The Lord’s bond-servant must not be quarrelsome, but be kind to all, able to teach, patient when wronged, with gentleness correcting those who are in opposition, if perhaps God may grant them repentance leading to the knowledge of the truth, and they may come to their senses and escape from the snare of the devil, having been held captive by him to do his will. 2 Timothy 2:24-26
This passage provides some helpful guidelines for us as we go about our task of shepherding and especially as we face opposition. First, it is helpful to remind ourselves that ultimately we are the Lord’s bond-servant. Our first and highest priority is to serve Him. We express our love to him by serving his people. If the question were one of being our congregation’s servant we would balk. Their problems would drive us out of the job. But our allegiance and service is to our Lord. At times we may have to take unpopular stands and actions. At other times we will be fatigued by conflict. Through all this our focus must be up. We are his servant.
As we go handle opposition, we are not to go about in a quarrelsome manner. One of the characteristics of an elder is that he is not quarrelsome. We are not to be inclined toward heated disagreements. Some of us may be more tempted toward heated disagreements than others. Others may be tempted to avoid the conflict altogether, hoping it goes away. It never does.
Instead, we are to handle opposition three ways.
First we handle opposition by being kind. By having a sympathetic, generous response to opposition we show our control of ourselves and calm the situation.
Second, we handle opposition by being able to teach. Our only authority is the Scripture and our role as elders is to teach the Scriptures. To teach correctly we must understand what the person is saying AND we must know the Scriptures well enough to respond. Our battle is a battle for the mind and the thinking of the other person. To understand his mind, we must listen and probe.
Third, we handle opposition by being patient when wronged. We will be wronged as shepherds. We should not think shepherding will be fair or easy. Our being wronged is guarenteed. How we respond is up to us. We need to prepare our response for that situation now. We are not to lash out but to patiently bear up under the opposition that God is allowing in our lives.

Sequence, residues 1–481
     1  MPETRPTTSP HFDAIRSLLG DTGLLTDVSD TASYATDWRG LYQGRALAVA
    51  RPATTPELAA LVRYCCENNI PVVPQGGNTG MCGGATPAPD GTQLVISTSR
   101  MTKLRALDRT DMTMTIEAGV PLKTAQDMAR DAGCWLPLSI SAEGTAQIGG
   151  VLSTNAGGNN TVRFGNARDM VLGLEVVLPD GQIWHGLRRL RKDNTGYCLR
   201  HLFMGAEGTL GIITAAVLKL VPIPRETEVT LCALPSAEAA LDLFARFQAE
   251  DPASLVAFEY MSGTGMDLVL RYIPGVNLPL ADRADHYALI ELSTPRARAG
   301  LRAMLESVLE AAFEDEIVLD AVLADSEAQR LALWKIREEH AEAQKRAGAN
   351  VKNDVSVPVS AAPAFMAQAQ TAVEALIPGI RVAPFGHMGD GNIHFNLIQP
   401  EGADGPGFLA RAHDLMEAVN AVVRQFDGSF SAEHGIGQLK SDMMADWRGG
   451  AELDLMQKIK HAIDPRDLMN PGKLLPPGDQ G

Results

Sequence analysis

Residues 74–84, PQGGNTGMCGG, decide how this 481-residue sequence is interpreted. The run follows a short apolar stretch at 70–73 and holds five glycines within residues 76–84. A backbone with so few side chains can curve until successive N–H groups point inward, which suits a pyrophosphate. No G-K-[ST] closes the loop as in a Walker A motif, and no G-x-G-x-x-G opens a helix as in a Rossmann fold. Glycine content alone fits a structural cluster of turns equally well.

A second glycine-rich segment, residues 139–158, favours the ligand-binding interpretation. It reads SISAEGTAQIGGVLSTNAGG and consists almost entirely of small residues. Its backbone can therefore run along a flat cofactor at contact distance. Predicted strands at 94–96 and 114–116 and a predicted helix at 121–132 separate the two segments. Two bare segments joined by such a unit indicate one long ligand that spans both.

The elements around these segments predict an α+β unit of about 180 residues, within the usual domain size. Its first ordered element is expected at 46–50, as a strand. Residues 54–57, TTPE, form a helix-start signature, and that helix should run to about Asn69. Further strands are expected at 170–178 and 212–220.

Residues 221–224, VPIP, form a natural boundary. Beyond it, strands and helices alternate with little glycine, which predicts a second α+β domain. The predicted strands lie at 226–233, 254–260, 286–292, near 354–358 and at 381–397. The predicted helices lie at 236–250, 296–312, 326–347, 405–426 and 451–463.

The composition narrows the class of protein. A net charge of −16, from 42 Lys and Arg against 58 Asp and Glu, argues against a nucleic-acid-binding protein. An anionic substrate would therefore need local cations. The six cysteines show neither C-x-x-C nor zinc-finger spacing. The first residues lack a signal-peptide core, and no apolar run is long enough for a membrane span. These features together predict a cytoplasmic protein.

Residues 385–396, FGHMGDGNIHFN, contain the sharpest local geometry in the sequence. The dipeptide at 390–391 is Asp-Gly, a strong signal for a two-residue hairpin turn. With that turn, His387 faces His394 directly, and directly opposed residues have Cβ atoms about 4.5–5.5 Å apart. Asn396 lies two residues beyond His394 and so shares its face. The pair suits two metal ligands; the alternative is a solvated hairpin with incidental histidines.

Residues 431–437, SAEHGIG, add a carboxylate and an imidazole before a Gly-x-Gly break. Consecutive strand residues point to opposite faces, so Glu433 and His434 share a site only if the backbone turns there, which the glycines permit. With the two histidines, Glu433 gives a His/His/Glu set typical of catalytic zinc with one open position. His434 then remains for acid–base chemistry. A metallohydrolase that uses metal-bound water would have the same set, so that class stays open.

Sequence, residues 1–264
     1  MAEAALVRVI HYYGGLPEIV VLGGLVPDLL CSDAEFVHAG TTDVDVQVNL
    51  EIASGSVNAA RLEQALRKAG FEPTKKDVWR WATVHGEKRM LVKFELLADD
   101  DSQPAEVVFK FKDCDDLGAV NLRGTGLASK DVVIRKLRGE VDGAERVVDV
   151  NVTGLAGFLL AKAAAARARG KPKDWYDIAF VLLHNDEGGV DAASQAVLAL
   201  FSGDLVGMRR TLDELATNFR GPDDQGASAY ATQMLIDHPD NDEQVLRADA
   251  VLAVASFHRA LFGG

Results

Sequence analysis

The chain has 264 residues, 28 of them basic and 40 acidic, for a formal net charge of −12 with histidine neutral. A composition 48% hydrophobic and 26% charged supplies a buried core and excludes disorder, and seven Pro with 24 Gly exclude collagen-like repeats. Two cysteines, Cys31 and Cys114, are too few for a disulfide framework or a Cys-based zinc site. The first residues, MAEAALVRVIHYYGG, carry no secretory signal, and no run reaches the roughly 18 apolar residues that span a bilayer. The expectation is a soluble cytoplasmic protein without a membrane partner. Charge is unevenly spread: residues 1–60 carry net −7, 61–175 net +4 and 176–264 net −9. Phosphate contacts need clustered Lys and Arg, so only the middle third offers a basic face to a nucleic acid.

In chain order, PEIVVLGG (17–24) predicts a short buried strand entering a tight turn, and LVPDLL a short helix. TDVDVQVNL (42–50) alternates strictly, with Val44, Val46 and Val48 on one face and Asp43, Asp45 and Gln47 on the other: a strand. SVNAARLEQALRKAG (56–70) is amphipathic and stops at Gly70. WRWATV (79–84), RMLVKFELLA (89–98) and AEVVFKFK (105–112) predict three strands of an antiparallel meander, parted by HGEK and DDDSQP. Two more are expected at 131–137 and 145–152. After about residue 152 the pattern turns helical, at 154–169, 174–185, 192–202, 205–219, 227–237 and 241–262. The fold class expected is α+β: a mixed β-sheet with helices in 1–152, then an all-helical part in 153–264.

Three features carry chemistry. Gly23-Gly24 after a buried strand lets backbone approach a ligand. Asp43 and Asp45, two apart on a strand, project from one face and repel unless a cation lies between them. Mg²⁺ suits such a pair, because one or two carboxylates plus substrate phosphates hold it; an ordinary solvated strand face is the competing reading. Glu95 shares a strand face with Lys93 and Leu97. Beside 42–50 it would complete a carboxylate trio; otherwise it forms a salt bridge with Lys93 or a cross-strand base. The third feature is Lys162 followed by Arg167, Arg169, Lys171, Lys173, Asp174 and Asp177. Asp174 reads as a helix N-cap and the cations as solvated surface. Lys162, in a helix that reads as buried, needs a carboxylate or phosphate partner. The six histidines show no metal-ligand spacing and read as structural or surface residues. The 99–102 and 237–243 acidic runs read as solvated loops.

But lest we lose our way by concentrating on these virtues, we must address the opposition. With gentleness correcting those who are in opposition. We combine the virtues of kindness and patience into addressing the situation. We must seek to correct the wrong thinking of the one opposes us. Though we may hope that conflict will leave by itself, it will not. We must take the offensive and address it.
Our attitude in dealing with the person is laid out in the next phrase, if perhaps God may grant them repentance leading to a knowledge of the truth. Our motive is not to be proven right, it is to correct and instruct so that God may work. Our attitude is one of hoping that God will grant them a change of mind that will lead them to the truth. We cannot accomplish that change of mind, only God can. But we must do our part by presenting the truth.
Ultimately, our desire is that they may come to their senses and escape from the snare of the devil, having been held captive by him to do his will. What we will find is that most of those who dramatically oppose us have given the devil a foothold is some other area of life. Perhaps it is bitterness or anger or rebellion. Usually, the more dramatic the opposition the more dramatic the foothold. Some will come to their senses. Others will not.
Opposition will come. When it does, let us be prepared in our hearts and in our minds.